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14.5.4 Characteristics of BDB Tables

Each BDB table is stored on disk in two files. The files have names that begin with the table name and have an extension to indicate the file type. An .frm file stores the table format, and a .db file contains the table data and indexes.

To specify explicitly that you want a BDB table, indicate that with an ENGINE table option:


The older term TYPE is supported as a synonym for ENGINE for backward compatibility, but ENGINE is the preferred term and TYPE is deprecated.

BerkeleyDB is a synonym for BDB in the ENGINE table option.

The BDB storage engine provides transactional tables. The way you use these tables depends on the autocommit mode:

  • If you are running with autocommit enabled (which is the default), changes to BDB tables are committed immediately and cannot be rolled back.

  • If you are running with autocommit disabled, changes do not become permanent until you execute a COMMIT statement. Instead of committing, you can execute ROLLBACK to forget the changes.

    You can start a transaction with the START TRANSACTION or BEGIN statement to suspend autocommit, or with SET autocommit = 0 to disable autocommit explicitly.

For more information about transactions, see Section 13.3.1, “START TRANSACTION, COMMIT, and ROLLBACK Syntax”.

The BDB storage engine has the following characteristics:

  • BDB tables can have up to 31 indexes per table, 16 columns per index, and a maximum key size of 1024 bytes.

  • MySQL requires a primary key in each BDB table so that each row can be uniquely identified. If you don't create one explicitly by declaring a PRIMARY KEY, MySQL creates and maintains a hidden primary key for you. The hidden key has a length of five bytes and is incremented for each insert attempt. This key does not appear in the output of SHOW CREATE TABLE or DESCRIBE.

  • The primary key is faster than any other index, because it is stored together with the row data. The other indexes are stored as the key data plus the primary key, so it is important to keep the primary key as short as possible to save disk space and get better speed.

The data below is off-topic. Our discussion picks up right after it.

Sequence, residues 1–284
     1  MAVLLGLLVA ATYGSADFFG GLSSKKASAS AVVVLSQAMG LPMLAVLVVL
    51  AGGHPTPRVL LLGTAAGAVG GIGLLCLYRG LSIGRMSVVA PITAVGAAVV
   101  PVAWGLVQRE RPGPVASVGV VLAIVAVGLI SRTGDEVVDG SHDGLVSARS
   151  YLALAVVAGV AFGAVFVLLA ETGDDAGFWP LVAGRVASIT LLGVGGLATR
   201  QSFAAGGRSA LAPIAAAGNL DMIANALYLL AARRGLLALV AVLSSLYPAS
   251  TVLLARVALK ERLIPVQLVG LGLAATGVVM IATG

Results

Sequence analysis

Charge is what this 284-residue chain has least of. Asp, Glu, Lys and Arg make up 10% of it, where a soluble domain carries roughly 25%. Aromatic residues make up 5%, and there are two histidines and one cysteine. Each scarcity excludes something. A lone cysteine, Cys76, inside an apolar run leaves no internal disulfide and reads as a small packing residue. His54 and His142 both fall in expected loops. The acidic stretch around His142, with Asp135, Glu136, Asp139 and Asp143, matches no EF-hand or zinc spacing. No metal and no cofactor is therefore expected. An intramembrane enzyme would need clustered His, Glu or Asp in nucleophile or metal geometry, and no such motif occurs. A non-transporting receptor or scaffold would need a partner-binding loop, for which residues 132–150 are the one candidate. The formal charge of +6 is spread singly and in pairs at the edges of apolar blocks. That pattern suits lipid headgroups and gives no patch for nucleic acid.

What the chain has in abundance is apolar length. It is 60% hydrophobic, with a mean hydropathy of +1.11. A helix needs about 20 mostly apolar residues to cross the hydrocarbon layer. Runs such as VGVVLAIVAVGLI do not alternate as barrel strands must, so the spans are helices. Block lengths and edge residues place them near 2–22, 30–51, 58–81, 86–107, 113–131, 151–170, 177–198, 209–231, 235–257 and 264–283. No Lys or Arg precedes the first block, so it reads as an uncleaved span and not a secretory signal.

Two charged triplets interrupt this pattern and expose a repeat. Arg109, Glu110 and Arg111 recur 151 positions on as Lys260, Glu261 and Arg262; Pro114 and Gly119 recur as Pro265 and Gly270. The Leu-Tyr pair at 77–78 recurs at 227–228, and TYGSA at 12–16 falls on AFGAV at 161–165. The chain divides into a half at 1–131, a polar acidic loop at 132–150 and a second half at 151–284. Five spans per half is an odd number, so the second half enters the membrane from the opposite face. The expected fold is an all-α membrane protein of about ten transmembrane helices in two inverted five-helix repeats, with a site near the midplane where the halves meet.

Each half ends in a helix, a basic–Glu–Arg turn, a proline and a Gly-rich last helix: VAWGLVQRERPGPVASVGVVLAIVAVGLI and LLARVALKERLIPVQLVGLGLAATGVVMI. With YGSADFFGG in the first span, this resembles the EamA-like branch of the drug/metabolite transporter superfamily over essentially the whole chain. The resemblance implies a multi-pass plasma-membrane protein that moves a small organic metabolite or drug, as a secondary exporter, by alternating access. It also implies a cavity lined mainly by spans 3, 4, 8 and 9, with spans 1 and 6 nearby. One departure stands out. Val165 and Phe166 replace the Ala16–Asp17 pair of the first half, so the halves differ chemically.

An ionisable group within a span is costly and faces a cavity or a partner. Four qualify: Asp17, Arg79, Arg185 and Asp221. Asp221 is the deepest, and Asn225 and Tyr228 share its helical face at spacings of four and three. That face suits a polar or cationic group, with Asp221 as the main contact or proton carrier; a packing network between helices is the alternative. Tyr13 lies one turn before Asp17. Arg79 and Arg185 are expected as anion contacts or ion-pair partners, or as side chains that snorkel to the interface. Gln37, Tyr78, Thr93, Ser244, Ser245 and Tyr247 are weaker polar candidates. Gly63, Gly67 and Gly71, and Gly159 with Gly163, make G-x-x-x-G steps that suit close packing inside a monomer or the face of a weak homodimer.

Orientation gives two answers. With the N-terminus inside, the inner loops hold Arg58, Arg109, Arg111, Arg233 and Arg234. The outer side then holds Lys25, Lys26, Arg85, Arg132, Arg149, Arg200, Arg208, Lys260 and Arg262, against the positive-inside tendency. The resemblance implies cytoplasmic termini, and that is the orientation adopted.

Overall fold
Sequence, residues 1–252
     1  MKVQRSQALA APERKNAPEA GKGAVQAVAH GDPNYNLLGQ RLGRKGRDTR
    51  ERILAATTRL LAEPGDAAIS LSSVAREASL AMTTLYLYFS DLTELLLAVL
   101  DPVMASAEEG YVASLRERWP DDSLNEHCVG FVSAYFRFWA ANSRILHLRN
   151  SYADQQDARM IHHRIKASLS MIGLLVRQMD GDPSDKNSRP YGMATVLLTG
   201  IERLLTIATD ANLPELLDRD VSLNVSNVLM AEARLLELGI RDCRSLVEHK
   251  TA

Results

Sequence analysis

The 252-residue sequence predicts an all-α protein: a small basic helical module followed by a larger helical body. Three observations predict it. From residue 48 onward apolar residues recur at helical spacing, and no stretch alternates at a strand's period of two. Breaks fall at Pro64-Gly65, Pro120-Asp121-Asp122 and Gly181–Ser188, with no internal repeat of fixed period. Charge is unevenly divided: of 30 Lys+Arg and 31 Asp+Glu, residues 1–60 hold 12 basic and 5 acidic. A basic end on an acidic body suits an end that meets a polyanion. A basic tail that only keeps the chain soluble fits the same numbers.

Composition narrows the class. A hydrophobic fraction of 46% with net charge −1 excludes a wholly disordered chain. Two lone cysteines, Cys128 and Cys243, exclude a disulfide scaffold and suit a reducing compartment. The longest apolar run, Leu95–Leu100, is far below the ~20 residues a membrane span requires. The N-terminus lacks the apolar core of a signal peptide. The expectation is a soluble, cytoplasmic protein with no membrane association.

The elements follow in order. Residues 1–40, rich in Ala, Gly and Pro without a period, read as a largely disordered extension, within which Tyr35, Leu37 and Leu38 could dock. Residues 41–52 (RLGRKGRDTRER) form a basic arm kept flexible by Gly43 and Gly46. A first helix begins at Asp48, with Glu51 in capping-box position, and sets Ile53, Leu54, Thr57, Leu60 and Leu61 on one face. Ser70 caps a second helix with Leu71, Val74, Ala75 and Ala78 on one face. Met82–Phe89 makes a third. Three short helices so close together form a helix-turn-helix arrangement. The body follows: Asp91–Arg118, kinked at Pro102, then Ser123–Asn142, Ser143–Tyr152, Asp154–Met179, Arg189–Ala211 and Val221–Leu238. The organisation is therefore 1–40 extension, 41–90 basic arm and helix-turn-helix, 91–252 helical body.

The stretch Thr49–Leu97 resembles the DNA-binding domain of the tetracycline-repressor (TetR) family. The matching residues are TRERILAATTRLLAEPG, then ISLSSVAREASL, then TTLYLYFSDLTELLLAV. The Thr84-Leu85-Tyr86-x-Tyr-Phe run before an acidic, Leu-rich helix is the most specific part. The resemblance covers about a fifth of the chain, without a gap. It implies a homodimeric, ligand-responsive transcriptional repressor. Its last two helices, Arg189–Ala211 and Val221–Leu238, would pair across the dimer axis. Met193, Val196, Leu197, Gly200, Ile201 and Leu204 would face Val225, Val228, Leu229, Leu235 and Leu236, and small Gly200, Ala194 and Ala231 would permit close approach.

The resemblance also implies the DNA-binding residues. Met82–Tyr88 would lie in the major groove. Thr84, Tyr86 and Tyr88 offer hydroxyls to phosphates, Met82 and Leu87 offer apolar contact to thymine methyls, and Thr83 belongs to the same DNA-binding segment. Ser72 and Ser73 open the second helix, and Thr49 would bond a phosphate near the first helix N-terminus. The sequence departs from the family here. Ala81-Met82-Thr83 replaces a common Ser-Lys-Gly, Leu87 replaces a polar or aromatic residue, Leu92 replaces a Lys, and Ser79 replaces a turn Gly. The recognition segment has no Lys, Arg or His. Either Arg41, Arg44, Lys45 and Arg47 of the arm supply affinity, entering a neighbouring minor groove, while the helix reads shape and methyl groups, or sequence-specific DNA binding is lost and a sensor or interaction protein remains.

This behavior is similar to that of InnoDB, where shorter primary keys save space not only in the primary index but in secondary indexes as well.

  • If all columns that you access in a BDB table are part of the same index or part of the primary key, MySQL can execute the query without having to access the actual row. In a MyISAM table, this can be done only if the columns are part of the same index.

  • Sequential scanning is slower for BDB tables than for MyISAM tables because the data in BDB tables is stored in B-trees and not in a separate data file.

  • Key values are not prefix- or suffix-compressed like key values in MyISAM tables. In other words, key information takes a little more space in BDB tables compared to MyISAM tables.

  • There are often holes in the BDB table to permit you to insert new rows in the middle of the index tree. This makes BDB tables somewhat larger than MyISAM tables.

  • SELECT COUNT(*) FROM tbl_name is slow for BDB tables, because no row count is maintained in the table.

  • The optimizer needs to know the approximate number of rows in the table. MySQL solves this by counting inserts and maintaining this in a separate segment in each BDB table. If you don't issue a lot of DELETE or ROLLBACK statements, this number should be accurate enough for the MySQL optimizer. However, MySQL stores the number only on close, so it may be incorrect if the server terminates unexpectedly. It should not be fatal even if this number is not 100% correct. You can update the row count by using ANALYZE TABLE or OPTIMIZE TABLE. See Section, “ANALYZE TABLE Syntax”, and Section, “OPTIMIZE TABLE Syntax”.

  • Internal locking in BDB tables is done at the page level.

  • LOCK TABLES works on BDB tables as with other tables. If you do not use LOCK TABLES, MySQL issues an internal multiple-write lock on the table (a lock that does not block other writers) to ensure that the table is properly locked if another thread issues a table lock.

  • To support transaction rollback, the BDB storage engine maintains log files. For maximum performance, you can use the --bdb-logdir option to place the BDB logs on a different disk than the one where your databases are located.

  • MySQL performs a checkpoint each time a new BDB log file is started, and removes any BDB log files that are not needed for current transactions. You can also use FLUSH LOGS at any time to checkpoint the Berkeley DB tables.

    For disaster recovery, you should use table backups plus MySQL's binary log. See Section 7.2, “Database Backup Methods”.


    If you delete old log files that are still in use, BDB is not able to do recovery at all and you may lose data if something goes wrong.

  • Applications must always be prepared to handle cases where any change of a BDB table may cause an automatic rollback and any read may fail with a deadlock error.

  • If you get a full disk with a BDB table, you get an error (probably error 28) and the transaction should roll back. This contrasts with MyISAM tables, for which mysqld waits for sufficient free disk space before continuing.

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